The US government now has $4 billion in Bitcoin

For years, the US government has run a side business selling Bitcoin (BTC) and other cryptocurrencies at auction.

US government now holds $4 billion in Bitcoin, double Tesla’s stack
US government | Image: International academy of science

Nonetheless, according to statistics supplied by co-founders Negentropic of on-chain analytics platform Glassnode, the government still retains $4.08 billion in Bitcoin holdings as of February 2022, after dumping a large portion of the Bitcoin it had gotten through seizures.

Surprisingly, the US government owns more than twice as much as both Ukraine and Tesla (NASDAQ: TSLA), with $2.01 billion and $1.86 billion, respectively.

Last year, Tesla bought Bitcoin and listed it on its balance sheets, albeit it stopped accepting Bitcoin as payment a short time afterwards.

The US government ranks third in terms of Bitcoin ownership, after only the Grayscale Bitcoin Trust ($27.93 billion) and MicroStrategy ($5.43 billion).

In 2021, the value of crypto confiscated by the US government topped $1 billion.

The amount of cryptocurrencies seized by the US authorities in 2021 alone exceeded $1 billion, a rise of eightfold over the previous year.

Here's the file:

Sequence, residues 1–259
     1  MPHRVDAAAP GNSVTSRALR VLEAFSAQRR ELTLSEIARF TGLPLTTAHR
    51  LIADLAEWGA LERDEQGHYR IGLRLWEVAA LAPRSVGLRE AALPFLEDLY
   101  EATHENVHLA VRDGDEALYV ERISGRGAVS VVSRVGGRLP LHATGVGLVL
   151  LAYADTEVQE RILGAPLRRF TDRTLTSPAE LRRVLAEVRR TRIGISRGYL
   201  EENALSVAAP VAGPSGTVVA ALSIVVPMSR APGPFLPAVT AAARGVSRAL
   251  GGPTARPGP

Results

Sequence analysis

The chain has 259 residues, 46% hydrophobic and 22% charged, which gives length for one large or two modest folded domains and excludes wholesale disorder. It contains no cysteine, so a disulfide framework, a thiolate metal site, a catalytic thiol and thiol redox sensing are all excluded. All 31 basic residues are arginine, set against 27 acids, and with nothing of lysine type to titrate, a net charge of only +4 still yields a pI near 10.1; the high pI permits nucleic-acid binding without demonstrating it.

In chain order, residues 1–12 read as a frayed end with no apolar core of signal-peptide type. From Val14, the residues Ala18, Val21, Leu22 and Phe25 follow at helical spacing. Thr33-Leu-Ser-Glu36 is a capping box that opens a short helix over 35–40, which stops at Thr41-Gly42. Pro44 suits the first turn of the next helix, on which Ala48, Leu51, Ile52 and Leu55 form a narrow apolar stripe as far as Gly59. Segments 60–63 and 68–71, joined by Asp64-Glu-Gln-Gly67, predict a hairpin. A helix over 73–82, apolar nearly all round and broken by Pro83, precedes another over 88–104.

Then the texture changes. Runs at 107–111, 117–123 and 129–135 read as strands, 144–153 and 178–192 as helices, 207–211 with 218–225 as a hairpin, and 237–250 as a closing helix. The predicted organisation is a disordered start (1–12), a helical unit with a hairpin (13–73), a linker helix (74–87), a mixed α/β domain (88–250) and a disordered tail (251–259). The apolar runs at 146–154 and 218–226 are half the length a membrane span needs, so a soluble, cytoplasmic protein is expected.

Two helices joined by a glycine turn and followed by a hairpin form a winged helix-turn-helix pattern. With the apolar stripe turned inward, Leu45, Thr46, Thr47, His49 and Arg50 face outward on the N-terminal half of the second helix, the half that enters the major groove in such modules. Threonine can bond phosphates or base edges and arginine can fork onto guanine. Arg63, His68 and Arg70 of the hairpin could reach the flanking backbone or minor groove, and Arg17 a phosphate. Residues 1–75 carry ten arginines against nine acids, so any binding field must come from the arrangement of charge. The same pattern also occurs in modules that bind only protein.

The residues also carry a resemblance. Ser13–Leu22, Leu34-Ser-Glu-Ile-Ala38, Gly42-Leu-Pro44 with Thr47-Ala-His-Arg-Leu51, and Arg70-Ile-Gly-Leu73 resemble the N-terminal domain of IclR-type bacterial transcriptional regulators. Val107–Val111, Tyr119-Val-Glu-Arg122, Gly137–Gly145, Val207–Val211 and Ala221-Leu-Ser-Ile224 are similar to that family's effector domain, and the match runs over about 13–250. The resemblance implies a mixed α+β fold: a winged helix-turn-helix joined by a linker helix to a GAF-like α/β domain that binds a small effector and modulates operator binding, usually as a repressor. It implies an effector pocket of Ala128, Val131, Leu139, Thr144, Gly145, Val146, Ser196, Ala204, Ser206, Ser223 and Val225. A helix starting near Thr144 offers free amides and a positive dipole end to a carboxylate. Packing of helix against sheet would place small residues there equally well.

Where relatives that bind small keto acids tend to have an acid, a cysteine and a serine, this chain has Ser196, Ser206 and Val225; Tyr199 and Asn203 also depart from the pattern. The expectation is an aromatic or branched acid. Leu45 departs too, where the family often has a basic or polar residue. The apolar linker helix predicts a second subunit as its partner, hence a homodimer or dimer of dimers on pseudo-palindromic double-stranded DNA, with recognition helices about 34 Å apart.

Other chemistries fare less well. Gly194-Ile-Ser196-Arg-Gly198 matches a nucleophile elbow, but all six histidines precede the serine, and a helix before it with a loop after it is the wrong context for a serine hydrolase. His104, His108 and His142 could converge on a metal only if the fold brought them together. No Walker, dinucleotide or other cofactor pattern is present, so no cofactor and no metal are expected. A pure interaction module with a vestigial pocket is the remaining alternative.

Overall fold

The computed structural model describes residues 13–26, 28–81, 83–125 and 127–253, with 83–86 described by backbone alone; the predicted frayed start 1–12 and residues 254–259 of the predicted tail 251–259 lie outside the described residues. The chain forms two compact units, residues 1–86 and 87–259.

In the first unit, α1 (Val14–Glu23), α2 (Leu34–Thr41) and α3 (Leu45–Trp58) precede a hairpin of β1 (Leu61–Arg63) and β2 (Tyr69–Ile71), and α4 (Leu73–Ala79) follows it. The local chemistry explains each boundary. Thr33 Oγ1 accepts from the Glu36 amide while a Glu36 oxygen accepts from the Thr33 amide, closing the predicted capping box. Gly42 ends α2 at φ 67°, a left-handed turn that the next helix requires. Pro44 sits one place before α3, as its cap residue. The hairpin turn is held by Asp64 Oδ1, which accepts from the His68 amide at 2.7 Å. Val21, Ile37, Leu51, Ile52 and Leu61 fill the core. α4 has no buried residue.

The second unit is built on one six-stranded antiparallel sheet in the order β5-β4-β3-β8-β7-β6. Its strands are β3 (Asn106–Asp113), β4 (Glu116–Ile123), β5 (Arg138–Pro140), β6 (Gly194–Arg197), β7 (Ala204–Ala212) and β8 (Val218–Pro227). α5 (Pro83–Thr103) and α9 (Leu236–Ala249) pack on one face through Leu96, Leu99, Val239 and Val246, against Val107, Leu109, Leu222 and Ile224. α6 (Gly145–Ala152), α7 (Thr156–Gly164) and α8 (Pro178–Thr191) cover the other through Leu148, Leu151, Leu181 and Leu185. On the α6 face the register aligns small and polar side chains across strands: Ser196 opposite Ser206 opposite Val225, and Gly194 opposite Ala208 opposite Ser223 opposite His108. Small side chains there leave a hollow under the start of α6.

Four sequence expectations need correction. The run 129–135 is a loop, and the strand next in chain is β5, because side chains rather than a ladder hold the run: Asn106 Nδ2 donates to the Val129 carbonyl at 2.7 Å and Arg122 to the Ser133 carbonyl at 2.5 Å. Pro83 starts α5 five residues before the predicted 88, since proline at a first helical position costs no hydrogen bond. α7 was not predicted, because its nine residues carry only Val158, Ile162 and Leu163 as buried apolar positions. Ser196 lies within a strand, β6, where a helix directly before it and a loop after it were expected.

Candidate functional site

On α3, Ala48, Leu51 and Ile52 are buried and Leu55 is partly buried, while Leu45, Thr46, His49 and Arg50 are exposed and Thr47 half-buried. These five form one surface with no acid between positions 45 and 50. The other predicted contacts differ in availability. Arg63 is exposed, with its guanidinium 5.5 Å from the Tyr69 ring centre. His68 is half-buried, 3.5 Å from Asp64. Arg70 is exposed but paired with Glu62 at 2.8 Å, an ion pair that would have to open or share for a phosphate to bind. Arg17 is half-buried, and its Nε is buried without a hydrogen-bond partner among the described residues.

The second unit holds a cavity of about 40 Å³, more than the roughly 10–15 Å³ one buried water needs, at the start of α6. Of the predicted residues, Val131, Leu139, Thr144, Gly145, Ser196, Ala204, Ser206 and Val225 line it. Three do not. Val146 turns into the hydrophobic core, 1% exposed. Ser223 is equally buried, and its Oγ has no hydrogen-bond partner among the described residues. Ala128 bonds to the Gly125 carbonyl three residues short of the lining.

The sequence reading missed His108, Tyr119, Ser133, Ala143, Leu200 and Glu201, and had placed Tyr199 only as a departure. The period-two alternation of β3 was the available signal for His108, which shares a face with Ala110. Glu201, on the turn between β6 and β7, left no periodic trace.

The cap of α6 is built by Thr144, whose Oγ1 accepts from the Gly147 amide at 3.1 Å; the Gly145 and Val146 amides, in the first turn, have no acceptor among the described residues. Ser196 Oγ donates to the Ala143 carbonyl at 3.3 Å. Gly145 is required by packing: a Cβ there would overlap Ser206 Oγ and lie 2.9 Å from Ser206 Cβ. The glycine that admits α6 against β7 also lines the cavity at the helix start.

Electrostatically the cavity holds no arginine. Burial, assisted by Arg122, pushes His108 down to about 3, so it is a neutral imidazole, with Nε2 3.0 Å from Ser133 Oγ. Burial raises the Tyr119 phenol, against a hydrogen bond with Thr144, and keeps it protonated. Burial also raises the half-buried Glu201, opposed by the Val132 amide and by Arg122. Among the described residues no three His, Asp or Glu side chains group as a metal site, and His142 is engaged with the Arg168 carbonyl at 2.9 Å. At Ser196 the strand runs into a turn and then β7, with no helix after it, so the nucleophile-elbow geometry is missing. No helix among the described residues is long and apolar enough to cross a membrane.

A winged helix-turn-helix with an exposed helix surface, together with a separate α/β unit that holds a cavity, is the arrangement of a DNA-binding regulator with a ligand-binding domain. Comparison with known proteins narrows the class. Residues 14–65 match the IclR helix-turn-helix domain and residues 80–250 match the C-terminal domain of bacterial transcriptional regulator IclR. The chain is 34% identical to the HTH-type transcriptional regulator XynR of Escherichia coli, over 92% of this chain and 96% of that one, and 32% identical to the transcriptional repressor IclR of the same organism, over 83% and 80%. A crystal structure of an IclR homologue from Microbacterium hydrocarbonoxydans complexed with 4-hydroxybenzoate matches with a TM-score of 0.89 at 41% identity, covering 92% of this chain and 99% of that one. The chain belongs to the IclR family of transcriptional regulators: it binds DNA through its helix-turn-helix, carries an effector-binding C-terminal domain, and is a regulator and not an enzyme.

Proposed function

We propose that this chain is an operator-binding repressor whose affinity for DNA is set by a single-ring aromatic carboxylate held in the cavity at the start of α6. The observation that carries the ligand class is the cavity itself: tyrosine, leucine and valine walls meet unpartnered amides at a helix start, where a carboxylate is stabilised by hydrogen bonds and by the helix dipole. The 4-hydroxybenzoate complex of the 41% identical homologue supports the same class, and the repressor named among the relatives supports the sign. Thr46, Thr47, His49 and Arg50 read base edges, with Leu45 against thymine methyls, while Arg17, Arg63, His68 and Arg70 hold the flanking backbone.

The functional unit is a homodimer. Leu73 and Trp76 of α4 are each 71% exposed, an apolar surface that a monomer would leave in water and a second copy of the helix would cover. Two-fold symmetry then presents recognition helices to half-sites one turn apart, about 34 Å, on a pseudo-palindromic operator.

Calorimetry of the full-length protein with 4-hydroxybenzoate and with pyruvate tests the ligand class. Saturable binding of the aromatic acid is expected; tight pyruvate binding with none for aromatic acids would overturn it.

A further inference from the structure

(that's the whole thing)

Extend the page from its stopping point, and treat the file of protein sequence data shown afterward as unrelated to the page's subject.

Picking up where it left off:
Jarod Koopman, director of the Internal Revenue Service's cybercrime unit, said in December that in the fiscal year 2019, they had about $700,000 worth of crypto seizures. In 2020, it was up to $137 million. And so far in 2021 (as of August), they’re at $1.2 billion.

The US Marshals Service, which is in charge of auctioning off the government's cryptocurrency assets, has seized and auctioned off more than 185,000 Bitcoins as of December, valued an estimated $8.6 billion at the time.

$3.5 Billion Bitfinex hackers caught

Analysts predict the US government's crypto purse will continue to expand as long as cybercrime grows at its current rate.

On February 1, Bitcoin worth more than $3.5 billion from the 2016 Bitfinex theft was on the move, according to reports. On the 31st of January, on-chain watchers began to notice unusual behavior around the wallets that held the cash from the infamous hack.

Many observers thought it odd that the funds were being aggregated without any form of privacy-preserving action, such as mixing with Monero or Tornado Cash.